Gradually, you began spending more time at work and on your career, and more time searching for a human mate. I waited for you patiently, comforted you through heartbreaks and disappointments, never chided you about bad decisions, and romped with glee at your homecomings, and when you fell in love.
She, now your wife, is not a "dog person" -- still I welcomed her into our home, tried to show her affection, and obeyed her. I was happy because you were happy. Then the human babies came along and I shared your excitement. I was fascinated by their pinkness, how they smelled, and I wanted to mother them, too. Only she and you worried that I might hurt them, and I spent most of my time banished to another room, or to a dog crate.
Oh, how I wanted to love them, but I became a "prisoner of love." As they began to grow, I became their friend. They clung to my fur and pulled themselves up on wobbly legs, poked fingers in my eyes, investigated my ears, and gave me kisses on my nose. I loved everything about them and their touch -- because your touch was now so infrequent -- and I would've defended them with my life if need be. I would sneak into their beds and listen to their worries and secret dreams, and together we waited for the sound of your car in the driveway.
There had been a time, when others asked you if you had a dog, that you produced a photo of me from your wallet and told them stories about me. These past few years, you just answered "yes" and changed the subject. I had gone from being "your dog" to "just a dog," and you resented every expenditure on my behalf. Now, you have a new career opportunity in another city, and you and they will be moving to an apartment that does not allow pets. You've made the right decision for your "family," but there was a time when I was your only family.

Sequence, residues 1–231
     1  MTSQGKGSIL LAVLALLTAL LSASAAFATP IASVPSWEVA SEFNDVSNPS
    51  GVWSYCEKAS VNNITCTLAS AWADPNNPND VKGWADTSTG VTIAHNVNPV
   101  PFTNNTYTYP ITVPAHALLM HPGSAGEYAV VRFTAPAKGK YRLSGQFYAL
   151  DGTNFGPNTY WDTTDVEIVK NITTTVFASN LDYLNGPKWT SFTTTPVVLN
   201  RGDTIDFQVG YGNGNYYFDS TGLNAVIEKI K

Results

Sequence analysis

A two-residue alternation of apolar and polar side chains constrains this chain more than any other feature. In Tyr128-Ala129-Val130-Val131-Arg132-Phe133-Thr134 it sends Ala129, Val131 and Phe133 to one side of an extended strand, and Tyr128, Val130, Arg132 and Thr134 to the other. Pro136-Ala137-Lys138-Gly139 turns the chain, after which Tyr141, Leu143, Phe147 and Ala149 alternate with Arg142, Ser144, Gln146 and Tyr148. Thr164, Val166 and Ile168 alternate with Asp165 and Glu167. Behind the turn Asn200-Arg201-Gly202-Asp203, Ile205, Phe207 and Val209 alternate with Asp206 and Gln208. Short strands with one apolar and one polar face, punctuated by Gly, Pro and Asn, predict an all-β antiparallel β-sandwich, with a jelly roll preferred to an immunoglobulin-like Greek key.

I was excited about the car ride until we arrived at the animal shelter. It smelled of dogs and cats, of fear, of hopelessness. You filled out the paperwork and said, "I know you will find a good home for her." They shrugged and gave you a pained look. T hey understand the realities facing a middle-aged dog, even one with "papers." You had to pry your son's fingers loose from my collar, as he screamed, "No, Daddy! Please don't let them take my dog!" And I worried for him, and what lessons you had just taught him about friendship and loyalty, about love and responsibility, and about respect for all life.